HSAB theory
The HSAB concept is an acronym for 'hard and soft (Lewis) acids and bases. Also known as the Pearson acid base concept, HSAB is widely used in chemistry
Chemistry is the science of matter, especially its chemical reactions, but also its composition, structure and properties. Chemistry is concerned with atoms and their interactions with other atoms, and particularly with the properties of chemical bonds....

 for explaining stability of compounds
Chemical compound
A chemical compound is a pure chemical substance consisting of two or more different chemical elements that can be separated into simpler substances by chemical reactions. Chemical compounds have a unique and defined chemical structure; they consist of a fixed ratio of atoms that are held together...

, reaction
Chemical reaction
A chemical reaction is a process that leads to the transformation of one set of chemical substances to another. Chemical reactions can be either spontaneous, requiring no input of energy, or non-spontaneous, typically following the input of some type of energy, such as heat, light or electricity...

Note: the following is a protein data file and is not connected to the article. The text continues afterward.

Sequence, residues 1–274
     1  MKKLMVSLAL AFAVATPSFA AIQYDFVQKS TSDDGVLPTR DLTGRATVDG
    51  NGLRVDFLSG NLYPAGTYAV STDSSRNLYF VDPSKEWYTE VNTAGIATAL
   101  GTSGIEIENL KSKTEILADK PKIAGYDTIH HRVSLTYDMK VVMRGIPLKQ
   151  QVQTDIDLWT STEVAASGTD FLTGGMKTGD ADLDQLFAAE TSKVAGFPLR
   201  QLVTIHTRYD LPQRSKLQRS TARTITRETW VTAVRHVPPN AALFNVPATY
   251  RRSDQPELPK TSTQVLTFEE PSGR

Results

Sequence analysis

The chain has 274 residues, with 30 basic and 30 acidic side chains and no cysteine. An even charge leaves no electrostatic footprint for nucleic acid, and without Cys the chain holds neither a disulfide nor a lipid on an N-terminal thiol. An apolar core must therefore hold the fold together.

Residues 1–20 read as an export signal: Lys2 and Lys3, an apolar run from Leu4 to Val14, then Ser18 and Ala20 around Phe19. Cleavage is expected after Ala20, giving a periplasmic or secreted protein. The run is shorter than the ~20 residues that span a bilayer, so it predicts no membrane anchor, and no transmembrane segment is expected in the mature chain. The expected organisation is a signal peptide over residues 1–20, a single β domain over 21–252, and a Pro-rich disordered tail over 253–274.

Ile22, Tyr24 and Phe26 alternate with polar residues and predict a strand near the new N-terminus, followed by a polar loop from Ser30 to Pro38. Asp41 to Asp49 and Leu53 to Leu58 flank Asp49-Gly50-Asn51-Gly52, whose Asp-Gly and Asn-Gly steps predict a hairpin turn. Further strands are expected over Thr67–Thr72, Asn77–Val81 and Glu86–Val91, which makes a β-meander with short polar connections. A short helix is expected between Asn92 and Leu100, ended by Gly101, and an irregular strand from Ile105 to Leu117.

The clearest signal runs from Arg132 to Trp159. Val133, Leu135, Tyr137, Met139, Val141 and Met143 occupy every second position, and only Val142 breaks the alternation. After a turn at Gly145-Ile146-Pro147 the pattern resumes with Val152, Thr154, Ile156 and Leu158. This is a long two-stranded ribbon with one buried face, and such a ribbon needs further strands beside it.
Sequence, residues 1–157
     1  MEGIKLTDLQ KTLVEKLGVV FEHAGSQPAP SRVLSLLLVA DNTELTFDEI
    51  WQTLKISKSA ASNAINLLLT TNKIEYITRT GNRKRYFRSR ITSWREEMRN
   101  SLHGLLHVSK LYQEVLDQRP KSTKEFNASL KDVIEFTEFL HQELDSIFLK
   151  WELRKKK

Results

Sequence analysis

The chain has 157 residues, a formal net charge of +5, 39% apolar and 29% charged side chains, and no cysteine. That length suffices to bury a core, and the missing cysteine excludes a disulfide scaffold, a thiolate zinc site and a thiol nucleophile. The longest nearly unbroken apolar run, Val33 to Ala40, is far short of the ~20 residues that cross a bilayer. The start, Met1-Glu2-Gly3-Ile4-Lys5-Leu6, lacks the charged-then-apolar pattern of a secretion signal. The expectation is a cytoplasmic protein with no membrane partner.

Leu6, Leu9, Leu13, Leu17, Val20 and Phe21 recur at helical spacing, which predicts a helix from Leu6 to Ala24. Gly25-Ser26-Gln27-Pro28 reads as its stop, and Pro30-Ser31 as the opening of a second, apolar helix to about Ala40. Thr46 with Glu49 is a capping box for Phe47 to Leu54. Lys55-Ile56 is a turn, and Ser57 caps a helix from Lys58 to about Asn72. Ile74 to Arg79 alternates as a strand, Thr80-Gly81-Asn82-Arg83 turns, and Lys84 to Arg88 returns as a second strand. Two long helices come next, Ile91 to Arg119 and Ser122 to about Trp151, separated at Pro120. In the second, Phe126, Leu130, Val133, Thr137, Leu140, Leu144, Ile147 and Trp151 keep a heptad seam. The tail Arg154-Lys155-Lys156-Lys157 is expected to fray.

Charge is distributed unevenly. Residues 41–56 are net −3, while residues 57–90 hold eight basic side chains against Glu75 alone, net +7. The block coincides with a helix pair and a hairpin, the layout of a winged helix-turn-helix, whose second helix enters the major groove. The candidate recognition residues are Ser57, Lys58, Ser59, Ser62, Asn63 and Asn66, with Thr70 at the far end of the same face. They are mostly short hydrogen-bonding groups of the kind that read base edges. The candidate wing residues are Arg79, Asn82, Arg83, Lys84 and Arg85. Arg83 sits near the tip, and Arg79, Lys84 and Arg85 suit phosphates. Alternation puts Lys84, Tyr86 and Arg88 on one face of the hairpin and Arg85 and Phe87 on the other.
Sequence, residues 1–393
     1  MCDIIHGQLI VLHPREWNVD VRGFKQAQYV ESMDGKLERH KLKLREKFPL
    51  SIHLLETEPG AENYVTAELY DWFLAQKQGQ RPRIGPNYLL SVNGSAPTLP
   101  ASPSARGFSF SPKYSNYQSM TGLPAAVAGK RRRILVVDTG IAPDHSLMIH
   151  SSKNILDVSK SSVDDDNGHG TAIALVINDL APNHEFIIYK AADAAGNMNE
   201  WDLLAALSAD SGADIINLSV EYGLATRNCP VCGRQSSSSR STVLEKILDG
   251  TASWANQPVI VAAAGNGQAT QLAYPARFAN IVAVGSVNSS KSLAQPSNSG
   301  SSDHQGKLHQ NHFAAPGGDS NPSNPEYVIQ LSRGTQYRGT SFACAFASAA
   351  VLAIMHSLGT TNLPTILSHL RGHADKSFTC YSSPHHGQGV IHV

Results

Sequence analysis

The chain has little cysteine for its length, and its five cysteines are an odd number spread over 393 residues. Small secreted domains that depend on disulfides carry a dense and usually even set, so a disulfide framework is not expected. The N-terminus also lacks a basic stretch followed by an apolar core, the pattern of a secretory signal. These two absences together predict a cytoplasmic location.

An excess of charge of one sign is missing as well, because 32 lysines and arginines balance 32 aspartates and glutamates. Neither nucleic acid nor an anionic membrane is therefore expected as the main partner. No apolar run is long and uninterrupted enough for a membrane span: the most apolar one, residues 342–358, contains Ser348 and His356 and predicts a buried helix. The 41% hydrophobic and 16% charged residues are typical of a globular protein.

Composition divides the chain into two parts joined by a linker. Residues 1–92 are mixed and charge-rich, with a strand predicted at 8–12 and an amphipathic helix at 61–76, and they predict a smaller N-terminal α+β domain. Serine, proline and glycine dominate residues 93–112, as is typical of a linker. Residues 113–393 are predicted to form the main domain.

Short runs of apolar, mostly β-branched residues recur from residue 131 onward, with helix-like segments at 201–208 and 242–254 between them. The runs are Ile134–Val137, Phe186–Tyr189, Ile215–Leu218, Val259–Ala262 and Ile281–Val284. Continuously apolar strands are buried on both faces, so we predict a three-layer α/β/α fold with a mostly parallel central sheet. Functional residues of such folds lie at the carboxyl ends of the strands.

mechanisms and pathways.
It assigns the terms 'hard' or 'soft', and 'acid' or 'base' to chemical species
Chemical species
Chemical species are atoms, molecules, molecular fragments, ions, etc., being subjected to a chemical process or to a measurement. Generally, a chemical species can be defined as an ensemble of chemically identical molecular entities that can explore the same set of molecular energy levels on a...

'Hard' applies to species which are small, have high charge states (the charge criterion applies mainly to acids, to a lesser extent to bases), and are weakly polarizable.
'Soft' applies to species which are big, have low charge states and are strongly polarizable.

The theory is used in contexts where a qualitative, rather than quantitative description would help in understanding the predominant factors which drive chemical properties and reactions.